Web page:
CORNELL ECON 3120 - Marginal Distributions (2 pages)

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Marginal Distributions



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Marginal Distributions

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IV. Marginal Distributions V. Expectations and Variance VI. Covariance


Lecture number:
2
Pages:
2
Type:
Lecture Note
School:
Cornell University
Course:
Econ 3120 - Applied Econometrics
Edition:
1
Unformatted text preview:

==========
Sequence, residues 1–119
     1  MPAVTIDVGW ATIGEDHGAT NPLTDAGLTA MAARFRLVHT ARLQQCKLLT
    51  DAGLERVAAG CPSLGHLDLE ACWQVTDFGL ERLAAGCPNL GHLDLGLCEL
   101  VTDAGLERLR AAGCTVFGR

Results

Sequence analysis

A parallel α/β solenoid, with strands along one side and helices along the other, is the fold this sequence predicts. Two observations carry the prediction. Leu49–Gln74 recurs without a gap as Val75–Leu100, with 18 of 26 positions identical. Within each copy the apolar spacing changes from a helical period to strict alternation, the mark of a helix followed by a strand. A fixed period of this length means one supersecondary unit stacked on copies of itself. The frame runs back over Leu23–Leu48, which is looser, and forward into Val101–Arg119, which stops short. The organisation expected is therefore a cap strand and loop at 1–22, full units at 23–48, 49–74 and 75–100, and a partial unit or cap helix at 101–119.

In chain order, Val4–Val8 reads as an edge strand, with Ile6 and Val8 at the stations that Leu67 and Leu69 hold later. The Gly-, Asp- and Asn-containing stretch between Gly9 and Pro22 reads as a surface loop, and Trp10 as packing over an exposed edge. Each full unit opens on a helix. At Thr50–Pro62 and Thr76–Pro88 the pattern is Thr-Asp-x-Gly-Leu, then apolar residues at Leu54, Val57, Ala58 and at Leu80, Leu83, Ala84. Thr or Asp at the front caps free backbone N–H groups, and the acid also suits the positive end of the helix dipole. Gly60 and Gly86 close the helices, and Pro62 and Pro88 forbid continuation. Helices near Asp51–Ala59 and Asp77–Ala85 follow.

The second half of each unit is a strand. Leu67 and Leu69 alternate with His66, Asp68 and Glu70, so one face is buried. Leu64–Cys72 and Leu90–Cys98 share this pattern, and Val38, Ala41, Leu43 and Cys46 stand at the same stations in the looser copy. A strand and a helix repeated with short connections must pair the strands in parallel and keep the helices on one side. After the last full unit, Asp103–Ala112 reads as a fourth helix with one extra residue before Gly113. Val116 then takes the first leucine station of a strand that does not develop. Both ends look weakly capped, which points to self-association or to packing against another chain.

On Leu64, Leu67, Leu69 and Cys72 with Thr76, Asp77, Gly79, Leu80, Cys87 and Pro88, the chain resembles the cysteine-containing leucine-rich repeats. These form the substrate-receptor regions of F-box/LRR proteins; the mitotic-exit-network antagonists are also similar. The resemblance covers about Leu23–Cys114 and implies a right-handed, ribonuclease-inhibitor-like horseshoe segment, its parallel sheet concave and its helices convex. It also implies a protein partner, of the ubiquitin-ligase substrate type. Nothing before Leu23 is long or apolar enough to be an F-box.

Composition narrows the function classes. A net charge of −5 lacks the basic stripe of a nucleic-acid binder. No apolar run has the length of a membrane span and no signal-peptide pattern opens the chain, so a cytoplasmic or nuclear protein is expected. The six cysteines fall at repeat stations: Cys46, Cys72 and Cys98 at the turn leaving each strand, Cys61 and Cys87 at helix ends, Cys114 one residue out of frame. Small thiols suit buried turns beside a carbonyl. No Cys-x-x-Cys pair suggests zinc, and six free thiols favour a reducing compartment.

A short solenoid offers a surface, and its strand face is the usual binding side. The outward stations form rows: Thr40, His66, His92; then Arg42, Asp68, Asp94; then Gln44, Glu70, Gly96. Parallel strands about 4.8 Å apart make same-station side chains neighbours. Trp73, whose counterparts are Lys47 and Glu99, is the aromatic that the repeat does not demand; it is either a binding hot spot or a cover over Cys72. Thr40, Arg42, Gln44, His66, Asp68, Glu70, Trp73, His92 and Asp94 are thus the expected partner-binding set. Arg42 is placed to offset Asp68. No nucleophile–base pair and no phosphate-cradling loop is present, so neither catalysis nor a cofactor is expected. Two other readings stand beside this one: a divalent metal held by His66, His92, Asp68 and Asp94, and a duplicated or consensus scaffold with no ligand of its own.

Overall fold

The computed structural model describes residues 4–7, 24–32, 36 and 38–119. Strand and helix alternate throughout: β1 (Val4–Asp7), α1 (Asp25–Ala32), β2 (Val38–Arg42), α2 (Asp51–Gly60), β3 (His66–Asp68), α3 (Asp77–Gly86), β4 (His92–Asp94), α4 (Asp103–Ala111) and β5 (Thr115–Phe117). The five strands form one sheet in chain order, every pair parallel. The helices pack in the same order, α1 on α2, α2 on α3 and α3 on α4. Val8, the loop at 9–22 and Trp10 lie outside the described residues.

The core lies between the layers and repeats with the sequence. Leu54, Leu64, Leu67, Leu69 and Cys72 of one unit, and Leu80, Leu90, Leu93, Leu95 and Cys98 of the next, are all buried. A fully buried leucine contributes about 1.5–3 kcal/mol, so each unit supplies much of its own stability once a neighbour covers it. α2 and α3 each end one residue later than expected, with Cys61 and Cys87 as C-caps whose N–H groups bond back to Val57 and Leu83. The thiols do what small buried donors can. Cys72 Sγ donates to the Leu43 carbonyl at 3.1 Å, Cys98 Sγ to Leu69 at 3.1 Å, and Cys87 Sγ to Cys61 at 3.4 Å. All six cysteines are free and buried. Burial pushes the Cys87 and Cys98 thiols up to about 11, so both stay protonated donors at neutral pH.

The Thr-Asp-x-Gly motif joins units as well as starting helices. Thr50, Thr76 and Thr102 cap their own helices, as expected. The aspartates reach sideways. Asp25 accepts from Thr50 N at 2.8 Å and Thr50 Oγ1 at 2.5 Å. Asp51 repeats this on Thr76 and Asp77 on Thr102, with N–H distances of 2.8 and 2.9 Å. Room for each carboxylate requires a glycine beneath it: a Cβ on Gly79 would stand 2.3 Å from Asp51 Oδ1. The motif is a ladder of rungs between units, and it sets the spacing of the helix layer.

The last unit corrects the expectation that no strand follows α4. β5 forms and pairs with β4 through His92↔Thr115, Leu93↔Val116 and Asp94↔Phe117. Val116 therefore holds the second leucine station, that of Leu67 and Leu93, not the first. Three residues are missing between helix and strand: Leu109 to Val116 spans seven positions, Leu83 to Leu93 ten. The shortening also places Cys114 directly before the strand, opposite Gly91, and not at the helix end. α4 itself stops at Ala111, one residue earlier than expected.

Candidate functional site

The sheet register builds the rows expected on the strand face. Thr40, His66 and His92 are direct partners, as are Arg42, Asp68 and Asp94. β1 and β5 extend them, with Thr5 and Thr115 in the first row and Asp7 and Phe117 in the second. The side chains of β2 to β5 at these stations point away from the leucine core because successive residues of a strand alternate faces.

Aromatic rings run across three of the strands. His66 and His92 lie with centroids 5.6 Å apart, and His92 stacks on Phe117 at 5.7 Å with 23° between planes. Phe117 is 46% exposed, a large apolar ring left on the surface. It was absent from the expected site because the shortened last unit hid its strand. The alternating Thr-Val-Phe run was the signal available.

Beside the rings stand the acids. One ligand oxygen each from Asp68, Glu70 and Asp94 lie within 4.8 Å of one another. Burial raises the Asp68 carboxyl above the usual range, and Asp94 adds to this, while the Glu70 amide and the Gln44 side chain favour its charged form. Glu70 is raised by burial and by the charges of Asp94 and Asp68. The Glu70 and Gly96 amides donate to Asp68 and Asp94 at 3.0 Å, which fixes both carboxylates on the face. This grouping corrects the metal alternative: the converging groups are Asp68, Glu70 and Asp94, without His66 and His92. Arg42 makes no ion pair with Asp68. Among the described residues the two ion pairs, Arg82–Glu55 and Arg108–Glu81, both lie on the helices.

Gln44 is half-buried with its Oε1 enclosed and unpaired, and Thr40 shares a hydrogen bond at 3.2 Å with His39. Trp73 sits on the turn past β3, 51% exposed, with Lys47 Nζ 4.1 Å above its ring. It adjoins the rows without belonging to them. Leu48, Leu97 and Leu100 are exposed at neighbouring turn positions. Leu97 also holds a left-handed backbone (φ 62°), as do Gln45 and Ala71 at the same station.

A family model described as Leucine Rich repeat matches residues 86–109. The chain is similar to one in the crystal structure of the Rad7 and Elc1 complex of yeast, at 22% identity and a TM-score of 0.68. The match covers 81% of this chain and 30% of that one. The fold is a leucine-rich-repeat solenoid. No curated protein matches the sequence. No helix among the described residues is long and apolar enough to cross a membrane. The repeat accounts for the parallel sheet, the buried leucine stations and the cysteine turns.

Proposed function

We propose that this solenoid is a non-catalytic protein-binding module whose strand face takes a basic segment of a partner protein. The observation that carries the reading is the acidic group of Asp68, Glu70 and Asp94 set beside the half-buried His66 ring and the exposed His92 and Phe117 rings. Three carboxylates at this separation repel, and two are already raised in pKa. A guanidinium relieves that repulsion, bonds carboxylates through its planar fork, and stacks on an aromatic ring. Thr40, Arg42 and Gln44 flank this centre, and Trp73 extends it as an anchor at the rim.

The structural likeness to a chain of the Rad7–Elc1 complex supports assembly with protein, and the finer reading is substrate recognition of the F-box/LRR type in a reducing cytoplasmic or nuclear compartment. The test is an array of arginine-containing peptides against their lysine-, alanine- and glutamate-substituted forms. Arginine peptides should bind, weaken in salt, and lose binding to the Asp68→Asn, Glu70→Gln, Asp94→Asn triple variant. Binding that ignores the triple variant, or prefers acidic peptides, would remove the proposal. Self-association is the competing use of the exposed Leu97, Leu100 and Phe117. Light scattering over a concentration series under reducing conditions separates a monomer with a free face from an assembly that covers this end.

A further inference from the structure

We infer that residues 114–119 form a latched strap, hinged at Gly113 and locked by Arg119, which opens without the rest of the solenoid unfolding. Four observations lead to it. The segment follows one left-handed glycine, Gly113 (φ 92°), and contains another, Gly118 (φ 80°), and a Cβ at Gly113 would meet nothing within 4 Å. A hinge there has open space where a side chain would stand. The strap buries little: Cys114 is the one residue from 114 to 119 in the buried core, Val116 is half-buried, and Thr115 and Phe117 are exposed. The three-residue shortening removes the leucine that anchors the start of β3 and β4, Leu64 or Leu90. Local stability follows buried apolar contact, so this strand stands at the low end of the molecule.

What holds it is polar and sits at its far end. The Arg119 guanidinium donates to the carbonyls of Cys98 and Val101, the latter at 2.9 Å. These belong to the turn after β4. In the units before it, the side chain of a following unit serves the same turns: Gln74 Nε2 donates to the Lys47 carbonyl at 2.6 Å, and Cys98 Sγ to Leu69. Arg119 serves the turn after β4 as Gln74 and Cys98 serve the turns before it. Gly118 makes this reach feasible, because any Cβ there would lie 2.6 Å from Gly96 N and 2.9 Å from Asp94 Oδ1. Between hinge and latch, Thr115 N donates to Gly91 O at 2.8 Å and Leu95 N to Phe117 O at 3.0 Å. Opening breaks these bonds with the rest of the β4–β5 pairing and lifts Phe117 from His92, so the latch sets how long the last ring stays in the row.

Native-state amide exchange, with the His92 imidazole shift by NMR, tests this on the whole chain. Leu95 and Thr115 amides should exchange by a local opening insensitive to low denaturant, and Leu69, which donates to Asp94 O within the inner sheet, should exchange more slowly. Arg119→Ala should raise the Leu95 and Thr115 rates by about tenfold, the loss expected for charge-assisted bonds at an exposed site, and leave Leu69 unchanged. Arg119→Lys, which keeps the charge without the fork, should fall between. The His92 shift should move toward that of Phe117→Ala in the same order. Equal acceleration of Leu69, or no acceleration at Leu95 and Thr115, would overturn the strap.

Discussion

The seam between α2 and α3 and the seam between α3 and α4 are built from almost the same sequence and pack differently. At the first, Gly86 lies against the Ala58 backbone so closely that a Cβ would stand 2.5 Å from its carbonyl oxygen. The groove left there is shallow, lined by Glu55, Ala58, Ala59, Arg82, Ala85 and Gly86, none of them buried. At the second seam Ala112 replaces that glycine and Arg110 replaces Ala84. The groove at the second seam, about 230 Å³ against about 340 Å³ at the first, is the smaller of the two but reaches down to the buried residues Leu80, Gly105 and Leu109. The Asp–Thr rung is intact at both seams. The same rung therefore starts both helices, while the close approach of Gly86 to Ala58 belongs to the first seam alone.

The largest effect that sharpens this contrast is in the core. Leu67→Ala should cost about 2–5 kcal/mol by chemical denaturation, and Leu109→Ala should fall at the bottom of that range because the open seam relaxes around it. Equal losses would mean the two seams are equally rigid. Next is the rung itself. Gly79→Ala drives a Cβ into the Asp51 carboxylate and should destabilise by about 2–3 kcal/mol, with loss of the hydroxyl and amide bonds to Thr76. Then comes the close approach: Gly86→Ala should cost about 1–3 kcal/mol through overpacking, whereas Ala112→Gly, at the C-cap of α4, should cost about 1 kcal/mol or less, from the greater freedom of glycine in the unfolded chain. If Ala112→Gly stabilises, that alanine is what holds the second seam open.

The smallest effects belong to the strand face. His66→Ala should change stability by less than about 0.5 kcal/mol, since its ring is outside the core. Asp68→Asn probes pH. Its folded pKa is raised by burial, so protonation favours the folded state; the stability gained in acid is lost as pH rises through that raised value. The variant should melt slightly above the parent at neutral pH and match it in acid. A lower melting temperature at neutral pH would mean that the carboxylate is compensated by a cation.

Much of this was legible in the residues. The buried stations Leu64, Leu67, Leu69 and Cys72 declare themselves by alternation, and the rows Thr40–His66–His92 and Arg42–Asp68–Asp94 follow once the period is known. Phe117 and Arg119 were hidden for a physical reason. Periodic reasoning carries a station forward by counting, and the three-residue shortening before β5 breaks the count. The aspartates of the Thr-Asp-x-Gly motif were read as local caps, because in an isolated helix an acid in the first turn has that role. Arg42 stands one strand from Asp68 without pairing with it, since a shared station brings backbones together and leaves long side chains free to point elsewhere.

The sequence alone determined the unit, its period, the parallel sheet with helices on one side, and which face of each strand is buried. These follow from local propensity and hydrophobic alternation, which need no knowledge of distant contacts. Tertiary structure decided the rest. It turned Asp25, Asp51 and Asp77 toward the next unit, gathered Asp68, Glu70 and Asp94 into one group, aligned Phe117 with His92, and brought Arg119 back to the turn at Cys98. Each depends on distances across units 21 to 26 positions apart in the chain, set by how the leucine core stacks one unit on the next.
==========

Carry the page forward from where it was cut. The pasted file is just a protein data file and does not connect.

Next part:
Econ 3120 1st Edition Lecture 2 Outline of Last Lecture I Random Variables II Continuous Distributions III Multivariate Distributions Outline of Current Lecture IV Marginal Distributions V Expectations and Variance VI Covariance Current Lecture 1 4 Marginal Distributions Suppose we have a joint distribution of X and Y given by f x y How do we find the distribution of Y alone The marginal distribution of a discrete random variable X is given by g x y f x y Similarly the marginal distribution of Y is given by h y x f x y In the continuous case the marginal distributions for X and Y are given by g x f x y dy and h y f x y dx 1 5 Conditional Distributions The conditional distribution of X is defined as f x y f x y h y when h y is the value of the marginal distribution of Y at y The conditional distribution of Y is defined similarly Given the marginal distribution for X of g x the conditional distribution is given by w y x f x y g x 1 6 Independence Random variables X and Y are independent if and only if f x y f x f y f x y g x Expectation and Variance 2 1 Expectation Definition If X is a discrete random variable and f x represents its probability distrubtion function the expected value or mean of X is given by E X x x x f x For a continuous random variable the expected value is given by E X x x f x dx We can think about the expected value as the weighted average of X The value of each possible realization of X is weighted by the probability that x occurs We can also take expectations of functions of a random variable E w X x w x f x dx Or we can take expectations of functions of multiple random variables E w X Y x w x y f x y dxdy 2 1 1 Properties of Expectations 1 For any constant c E c c 2 For any constants a and b E aX b aE X b 3 If a1 a2 an are constants and X1 X2 Xn are random variables then E n i 1 aiXi aiE Xi These notes represent a detailed interpretation of the professor s lecture GradeBuddy is best used as a supplement to your own notes not as a substitute 2 2 Variance While the expectation tells us about the average of X the variance gives us information on the dispersion of X around the mean The variance is defined as Var X 2 x E X E X 2 It turns out that this is equivalent to Var X E X 2 E X 2 The variance is the average squared deviation from the mean We often think about dispersion in terms of standard deviation which is defined as sd X x p Var X 2 2 1 Properties of the variance 1 Var X 0 2 Var X 0 if and only if X can take on a single value 3 For any constants a and b Var aX b a 2Var X 2 3 Covariance When we are dealing with more than one random variable it is useful to summarize how these two random variables move together Suppose we have two random variables X and Y and we define E X x and E Y y The covariance between these two random variables is defined as Cov X Y xy E X x Y y We can also write the covariance as Cov X Y E X x Y E X Y y E XY x y 2 3 1 Properties of the covariance 1 If X and Y are independent then Cov X Y 0 This follows since E XY E X E Y when X and Y are independent 2 For any constants a1 b1 a2 b2 Cov a1X b1 a2Y b2 a1a2Cov X Y Now that we know about the Covariance we can define a third property of the variance 3 Var aX bY a 2Var X b 2Var Y 2abCov X Y One issue with covariance is that the units are difficult to interpret It turns out that we can scale covariance by the standard deviations of both variables and to get the unit friendly correlation Corr X Y xy Cov X Y sd X sd Y xy x y


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